At the time the art department at UT was scattered everywhere while the A&A Building was being built. Ceramics was in a fifties style flat roof contemporary style house. handbuilding in the front room, wheels in the back, glazing in the kitchen, mixing on the patio, and a couple grads in the bedrooms. But it did have a nice sloping back yard with huge, mature pines over top of the kilns. All in all a very compact but busy place.
Finally A&A was ready and the whole undergrad operation moved two blocks away. Melrose became Ted and the grads studios with the salt kiln in the back. Now just before I got involved in the program Shiro Otani had been a visiting artist at school before he built the Big Valley anagama at Arrowmont during the summer, so when it came time to take a kilnbuilding class, David Kaufman and I wanted to build something wood fueled. Dr. Darrow had been to Europe for a symposium that summer, and suggested a trench kiln, dirt channel with kiln shelve top.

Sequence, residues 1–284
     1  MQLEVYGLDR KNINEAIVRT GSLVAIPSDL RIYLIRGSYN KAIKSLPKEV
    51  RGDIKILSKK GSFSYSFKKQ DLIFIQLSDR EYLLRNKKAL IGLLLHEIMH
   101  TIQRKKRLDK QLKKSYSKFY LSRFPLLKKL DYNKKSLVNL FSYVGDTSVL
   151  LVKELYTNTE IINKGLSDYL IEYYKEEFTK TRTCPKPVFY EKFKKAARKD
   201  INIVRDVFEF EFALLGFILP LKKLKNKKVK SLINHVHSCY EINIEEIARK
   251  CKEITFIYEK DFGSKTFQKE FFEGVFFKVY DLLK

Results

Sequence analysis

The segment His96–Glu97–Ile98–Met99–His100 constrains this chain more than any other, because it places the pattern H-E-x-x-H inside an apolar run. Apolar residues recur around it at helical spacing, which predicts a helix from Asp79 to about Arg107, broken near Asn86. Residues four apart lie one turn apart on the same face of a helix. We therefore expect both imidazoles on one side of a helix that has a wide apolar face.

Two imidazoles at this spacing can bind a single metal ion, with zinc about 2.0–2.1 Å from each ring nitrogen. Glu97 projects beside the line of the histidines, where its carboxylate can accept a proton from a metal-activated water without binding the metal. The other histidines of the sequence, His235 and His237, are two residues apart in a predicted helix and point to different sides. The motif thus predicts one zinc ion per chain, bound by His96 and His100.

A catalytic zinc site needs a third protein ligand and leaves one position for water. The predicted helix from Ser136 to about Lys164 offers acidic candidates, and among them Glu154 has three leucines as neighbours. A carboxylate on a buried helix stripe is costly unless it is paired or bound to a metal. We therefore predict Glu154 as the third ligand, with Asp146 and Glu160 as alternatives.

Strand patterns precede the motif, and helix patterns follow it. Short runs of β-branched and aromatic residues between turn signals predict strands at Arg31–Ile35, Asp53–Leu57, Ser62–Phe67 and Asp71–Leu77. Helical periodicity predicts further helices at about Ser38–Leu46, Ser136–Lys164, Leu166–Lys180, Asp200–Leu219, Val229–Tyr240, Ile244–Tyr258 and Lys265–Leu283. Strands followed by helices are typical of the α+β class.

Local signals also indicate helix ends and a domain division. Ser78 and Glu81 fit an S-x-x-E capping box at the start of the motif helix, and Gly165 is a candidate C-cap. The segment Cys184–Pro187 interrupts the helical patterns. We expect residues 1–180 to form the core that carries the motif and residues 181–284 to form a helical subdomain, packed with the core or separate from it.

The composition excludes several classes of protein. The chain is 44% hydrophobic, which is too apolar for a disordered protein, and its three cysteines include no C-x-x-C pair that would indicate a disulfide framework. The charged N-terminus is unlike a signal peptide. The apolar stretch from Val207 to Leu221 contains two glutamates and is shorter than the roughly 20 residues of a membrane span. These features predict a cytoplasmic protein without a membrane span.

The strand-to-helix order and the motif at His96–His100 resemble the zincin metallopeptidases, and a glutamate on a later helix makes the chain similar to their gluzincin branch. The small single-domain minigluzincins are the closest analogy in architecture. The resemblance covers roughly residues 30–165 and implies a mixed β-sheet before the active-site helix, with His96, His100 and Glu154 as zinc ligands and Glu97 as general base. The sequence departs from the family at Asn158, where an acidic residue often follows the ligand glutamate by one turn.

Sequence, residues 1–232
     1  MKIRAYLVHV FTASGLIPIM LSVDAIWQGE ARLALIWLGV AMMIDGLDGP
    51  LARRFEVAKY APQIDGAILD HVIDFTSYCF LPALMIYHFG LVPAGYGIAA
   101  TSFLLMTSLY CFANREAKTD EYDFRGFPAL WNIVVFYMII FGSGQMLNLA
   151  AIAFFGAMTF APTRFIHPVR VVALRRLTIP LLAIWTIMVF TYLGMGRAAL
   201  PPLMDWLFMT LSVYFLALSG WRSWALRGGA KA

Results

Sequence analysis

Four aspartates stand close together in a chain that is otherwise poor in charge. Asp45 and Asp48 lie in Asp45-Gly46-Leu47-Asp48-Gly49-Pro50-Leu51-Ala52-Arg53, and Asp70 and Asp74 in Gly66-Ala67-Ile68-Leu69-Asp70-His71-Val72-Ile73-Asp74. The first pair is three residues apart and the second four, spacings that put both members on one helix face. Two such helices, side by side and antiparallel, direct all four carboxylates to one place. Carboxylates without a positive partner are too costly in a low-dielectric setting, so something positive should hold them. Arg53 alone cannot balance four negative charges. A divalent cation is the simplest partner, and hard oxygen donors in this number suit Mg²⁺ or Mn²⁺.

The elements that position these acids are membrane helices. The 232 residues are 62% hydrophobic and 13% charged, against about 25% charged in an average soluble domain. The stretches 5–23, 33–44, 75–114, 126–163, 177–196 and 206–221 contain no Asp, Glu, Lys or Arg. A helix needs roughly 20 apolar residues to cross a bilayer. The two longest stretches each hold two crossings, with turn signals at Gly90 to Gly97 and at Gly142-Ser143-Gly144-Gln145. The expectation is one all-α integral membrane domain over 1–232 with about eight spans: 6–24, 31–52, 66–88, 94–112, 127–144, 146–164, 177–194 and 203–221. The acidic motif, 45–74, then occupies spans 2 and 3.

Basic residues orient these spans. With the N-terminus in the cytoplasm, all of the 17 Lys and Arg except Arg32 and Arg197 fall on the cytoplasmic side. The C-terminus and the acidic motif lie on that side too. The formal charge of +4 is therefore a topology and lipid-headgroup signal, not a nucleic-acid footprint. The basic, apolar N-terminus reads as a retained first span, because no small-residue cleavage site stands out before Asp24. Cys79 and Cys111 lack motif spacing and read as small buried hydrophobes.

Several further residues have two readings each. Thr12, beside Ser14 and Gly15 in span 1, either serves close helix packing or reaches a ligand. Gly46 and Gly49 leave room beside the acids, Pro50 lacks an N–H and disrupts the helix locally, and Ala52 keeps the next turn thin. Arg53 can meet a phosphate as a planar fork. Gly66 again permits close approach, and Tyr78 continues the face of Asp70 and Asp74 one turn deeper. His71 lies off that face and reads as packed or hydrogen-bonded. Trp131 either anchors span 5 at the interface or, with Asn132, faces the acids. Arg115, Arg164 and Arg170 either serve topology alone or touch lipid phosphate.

Well OK, so we strung it out and started digging, which did not take long, and we shaped it up nice and clean. We stood back took a good look, looked at each other, decided it was way too cheesy, now what? Next thing we know, ran the string farther down the slope and started outlining a baby anagama with old brick on the grass.
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